The Solar System

All the planets visible in the night sky are members of the Sun’s family or the solar system. Planets shine with a steady light while real stars often twinkle. This is because a planet is a disc of light, whereas a star is so distant that it is always just a point of light. The Sun is a typical star in that it radiates heat and light of its own, but the planets shine only by the light they reflect from the Sun. Most stars are much larger than planets. The five planets that can be seen without the aid of a telescope are Mercury, Venus, Mars, Jupiter, and Saturn. After the invention of the telescope, astronomers discovered three more distant planets – Uranus in 1781, Neptune in 1846 and Pluto in 1930.

The eight planets in the order of their distance from the Sun are Mercury, Venus, Earth, Mars, Jupiter, Saturn, Uranus, Neptune, Pluto (dwarf planet). All eight planets travel in the same direction as they orbit around the Sun. The planets closest to the Sun take the least time in orbit. For example Mercury, nearest to the Sun, makes a circuit in only 88 days, Earth takes a year and Jupiter almost 12 years.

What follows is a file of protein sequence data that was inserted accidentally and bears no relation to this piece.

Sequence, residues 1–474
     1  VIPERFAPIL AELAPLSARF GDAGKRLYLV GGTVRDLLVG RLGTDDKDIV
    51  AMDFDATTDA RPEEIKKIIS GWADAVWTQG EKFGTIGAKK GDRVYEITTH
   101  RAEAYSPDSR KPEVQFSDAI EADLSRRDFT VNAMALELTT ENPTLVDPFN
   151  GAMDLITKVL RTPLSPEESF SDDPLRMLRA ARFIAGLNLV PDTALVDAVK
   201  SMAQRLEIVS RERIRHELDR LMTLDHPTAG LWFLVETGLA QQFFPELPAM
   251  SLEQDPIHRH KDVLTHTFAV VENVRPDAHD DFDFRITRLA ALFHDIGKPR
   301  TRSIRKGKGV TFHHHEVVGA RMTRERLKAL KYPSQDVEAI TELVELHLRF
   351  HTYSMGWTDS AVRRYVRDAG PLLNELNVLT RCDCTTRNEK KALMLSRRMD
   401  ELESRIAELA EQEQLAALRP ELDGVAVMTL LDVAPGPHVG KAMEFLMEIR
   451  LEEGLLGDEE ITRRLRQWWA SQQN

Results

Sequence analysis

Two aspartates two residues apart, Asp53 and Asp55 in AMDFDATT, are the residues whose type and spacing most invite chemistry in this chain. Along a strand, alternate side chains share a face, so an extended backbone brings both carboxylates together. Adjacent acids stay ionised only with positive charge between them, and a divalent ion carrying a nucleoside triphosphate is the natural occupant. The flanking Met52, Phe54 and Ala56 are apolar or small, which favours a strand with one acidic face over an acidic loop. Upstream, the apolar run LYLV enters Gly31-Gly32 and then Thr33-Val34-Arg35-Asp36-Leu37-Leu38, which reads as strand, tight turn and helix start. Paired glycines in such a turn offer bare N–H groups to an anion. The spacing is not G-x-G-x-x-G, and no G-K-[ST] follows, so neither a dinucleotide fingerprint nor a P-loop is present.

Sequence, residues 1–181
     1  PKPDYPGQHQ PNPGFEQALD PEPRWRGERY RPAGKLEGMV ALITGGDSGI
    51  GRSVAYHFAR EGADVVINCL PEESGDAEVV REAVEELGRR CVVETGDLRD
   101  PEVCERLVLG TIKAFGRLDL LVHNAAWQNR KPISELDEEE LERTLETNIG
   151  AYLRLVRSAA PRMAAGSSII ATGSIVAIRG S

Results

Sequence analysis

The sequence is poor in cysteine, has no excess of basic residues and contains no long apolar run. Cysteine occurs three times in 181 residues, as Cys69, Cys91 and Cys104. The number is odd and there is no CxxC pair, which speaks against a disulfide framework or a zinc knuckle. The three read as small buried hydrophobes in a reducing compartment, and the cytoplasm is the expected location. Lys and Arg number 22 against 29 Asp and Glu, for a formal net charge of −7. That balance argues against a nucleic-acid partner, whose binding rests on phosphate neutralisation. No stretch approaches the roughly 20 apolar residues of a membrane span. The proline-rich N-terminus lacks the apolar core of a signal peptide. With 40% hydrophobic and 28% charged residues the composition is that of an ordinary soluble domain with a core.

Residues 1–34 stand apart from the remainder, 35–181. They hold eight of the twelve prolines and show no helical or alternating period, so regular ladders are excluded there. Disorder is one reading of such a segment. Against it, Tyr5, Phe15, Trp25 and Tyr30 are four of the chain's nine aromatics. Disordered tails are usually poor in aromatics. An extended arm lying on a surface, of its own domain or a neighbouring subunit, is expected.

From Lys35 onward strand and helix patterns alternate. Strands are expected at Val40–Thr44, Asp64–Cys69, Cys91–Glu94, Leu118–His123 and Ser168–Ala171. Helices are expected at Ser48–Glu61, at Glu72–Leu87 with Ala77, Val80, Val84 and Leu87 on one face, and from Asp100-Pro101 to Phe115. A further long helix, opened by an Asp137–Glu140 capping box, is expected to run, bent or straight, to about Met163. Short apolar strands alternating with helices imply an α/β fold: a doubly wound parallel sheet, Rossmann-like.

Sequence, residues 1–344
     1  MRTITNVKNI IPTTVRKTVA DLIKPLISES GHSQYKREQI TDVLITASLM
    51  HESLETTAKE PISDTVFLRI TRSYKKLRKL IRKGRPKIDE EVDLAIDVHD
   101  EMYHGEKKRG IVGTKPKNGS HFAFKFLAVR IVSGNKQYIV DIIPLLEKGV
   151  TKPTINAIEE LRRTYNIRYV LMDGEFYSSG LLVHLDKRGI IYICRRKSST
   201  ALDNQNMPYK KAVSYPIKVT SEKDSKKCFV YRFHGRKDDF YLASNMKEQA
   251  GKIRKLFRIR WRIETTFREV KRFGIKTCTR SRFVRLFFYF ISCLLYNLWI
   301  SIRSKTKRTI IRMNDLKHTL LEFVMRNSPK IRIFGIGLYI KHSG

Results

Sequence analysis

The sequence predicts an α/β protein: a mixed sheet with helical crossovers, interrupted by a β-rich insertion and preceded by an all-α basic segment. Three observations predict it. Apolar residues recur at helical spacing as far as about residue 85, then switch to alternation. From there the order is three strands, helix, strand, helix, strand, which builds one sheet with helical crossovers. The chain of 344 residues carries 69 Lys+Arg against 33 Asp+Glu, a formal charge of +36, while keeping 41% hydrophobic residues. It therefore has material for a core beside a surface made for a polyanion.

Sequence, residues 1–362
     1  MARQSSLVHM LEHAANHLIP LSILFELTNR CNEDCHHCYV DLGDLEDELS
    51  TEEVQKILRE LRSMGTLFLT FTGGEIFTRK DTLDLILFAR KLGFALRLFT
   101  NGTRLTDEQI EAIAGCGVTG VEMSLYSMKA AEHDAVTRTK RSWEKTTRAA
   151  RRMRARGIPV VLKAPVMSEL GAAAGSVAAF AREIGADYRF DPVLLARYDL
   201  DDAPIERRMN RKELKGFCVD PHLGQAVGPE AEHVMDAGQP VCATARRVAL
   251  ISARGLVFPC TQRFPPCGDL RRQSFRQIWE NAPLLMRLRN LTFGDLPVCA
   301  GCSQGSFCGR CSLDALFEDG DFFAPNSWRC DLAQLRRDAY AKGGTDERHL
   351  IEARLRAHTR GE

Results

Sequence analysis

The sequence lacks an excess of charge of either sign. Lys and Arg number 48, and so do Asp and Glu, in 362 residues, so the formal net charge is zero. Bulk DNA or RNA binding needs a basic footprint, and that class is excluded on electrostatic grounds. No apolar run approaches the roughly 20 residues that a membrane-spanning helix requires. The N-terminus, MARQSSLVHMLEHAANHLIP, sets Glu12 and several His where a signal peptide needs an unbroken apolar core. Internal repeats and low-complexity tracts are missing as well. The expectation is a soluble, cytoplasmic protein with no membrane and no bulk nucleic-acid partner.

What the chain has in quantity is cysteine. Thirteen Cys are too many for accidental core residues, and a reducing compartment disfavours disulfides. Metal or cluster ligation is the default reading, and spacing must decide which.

The Sun’s family has other members apart from planets. Swarming between Mars and Jupiter are thousands of asteroids or minor planets. Comets with their streaming tails approach the Sun from the farthest parts of the solar system. Besides, dust and stones called meteoroids scattered in the space between the planets. Meteoroids burn up if they crash through the Earth’s atmosphere, creating meteor trails or shooting stars.

The planets of the solar system

The exploration of most of the planets in the solar system is a major scientific achievement of the twentieth century. Men in space have landed on the Moon and brought back samples from its surface. The five planets that are visible to the naked eye – along with other Moons from those of Mars to the satellites of Saturn have been investigated and photographed by uncrewed spacecraft.